My company, Granda, and my colleagues were recently featured in a tremendous article in the Spanish magazine Palabra. It gives a great inside look at our workshop and our mission.
Obviously, I want you to read this article, be impressed with what we do, and then send it to all your priest and seminarian friends along with my contact information.
Even if you don’t do that, however, the article has interviews with real-life sacred artists who have fascinating insights into the role of our work and the future of religious craftsmanship.
A few great excerpts:
The work is similar to making a good civil dress, but “ours is destined for Mass, worship, the liturgy. I do not think we’ll ever fully understand what this means. ”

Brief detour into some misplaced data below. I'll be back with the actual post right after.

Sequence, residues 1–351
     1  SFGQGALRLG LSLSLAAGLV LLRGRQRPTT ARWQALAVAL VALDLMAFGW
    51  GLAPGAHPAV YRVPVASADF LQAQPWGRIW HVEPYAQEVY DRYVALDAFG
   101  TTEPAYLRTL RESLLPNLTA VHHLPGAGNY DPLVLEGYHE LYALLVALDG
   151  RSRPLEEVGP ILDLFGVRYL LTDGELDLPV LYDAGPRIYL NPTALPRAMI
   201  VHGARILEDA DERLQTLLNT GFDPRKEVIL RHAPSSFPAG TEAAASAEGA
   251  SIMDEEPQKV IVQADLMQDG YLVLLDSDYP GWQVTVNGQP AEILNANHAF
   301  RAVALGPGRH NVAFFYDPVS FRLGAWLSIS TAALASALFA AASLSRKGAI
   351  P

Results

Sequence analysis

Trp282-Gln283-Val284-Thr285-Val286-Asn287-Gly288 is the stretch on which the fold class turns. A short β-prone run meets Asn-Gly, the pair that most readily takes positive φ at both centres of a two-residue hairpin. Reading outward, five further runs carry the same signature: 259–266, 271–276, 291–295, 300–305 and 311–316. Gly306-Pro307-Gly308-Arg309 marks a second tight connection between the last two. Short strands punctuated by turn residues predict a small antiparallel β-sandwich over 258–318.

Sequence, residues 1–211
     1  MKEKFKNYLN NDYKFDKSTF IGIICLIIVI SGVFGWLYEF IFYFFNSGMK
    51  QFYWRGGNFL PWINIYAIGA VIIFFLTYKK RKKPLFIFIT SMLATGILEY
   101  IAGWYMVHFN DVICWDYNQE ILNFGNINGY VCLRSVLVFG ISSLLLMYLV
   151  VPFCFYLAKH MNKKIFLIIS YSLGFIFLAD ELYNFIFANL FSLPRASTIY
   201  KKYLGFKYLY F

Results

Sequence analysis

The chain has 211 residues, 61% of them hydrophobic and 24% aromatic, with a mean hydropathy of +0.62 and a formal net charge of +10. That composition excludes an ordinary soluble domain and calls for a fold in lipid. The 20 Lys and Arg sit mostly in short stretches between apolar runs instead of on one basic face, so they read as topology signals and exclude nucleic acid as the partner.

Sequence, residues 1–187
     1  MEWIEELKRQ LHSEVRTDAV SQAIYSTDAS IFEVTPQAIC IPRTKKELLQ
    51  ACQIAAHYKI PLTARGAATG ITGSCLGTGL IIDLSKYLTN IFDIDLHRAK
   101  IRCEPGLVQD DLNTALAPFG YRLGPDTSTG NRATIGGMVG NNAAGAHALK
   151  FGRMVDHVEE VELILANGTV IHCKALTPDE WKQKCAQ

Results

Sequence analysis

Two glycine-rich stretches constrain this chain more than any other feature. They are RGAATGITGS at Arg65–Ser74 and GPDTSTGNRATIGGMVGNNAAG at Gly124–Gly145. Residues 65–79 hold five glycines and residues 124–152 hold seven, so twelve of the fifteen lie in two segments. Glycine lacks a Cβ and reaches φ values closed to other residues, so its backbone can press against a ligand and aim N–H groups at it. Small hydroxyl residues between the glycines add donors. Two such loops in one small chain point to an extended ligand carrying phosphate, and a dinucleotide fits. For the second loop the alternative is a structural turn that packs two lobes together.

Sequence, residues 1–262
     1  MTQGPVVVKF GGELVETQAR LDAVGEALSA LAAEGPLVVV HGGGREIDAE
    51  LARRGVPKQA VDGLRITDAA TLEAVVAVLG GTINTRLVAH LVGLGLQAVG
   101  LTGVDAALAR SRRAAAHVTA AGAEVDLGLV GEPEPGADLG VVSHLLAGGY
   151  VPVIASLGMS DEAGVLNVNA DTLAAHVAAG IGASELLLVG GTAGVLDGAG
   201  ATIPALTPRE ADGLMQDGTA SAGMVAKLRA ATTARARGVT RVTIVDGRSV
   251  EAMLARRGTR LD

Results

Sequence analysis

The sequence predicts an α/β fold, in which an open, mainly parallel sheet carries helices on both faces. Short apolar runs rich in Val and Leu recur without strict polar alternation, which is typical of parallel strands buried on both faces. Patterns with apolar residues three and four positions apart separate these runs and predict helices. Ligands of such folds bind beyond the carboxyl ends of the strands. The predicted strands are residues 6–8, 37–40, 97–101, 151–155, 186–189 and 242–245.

— Pilar Romero, vestments designer
My greatest hope is that the Church is an artistic avant-garde, as it was once, and that the language of modern art serves as an expression of the Gospel, that is sacred art. Joseph Ratzinger wrote that the icon is meant to draw out the echo of the sacred that we all carry within. And that is my goal: that a work of mine moves, because it is the window to heaven. That’s why I try to take care of my spiritual life: I need it for my work. Many times I’ve had artistic ideas praying.
— Juan Carlos Martinez Moy, master sculptor
Spanish-speaking readers can find the article on Palabra‘s website here.
An poorly-translated English version is available here via Google Translate.
(Note: the Google-Translated version gets kind of weird. ‘Custody’ = monstrance, ‘ceremonies’ = tabernacles, ‘stew’ = estofado technique.)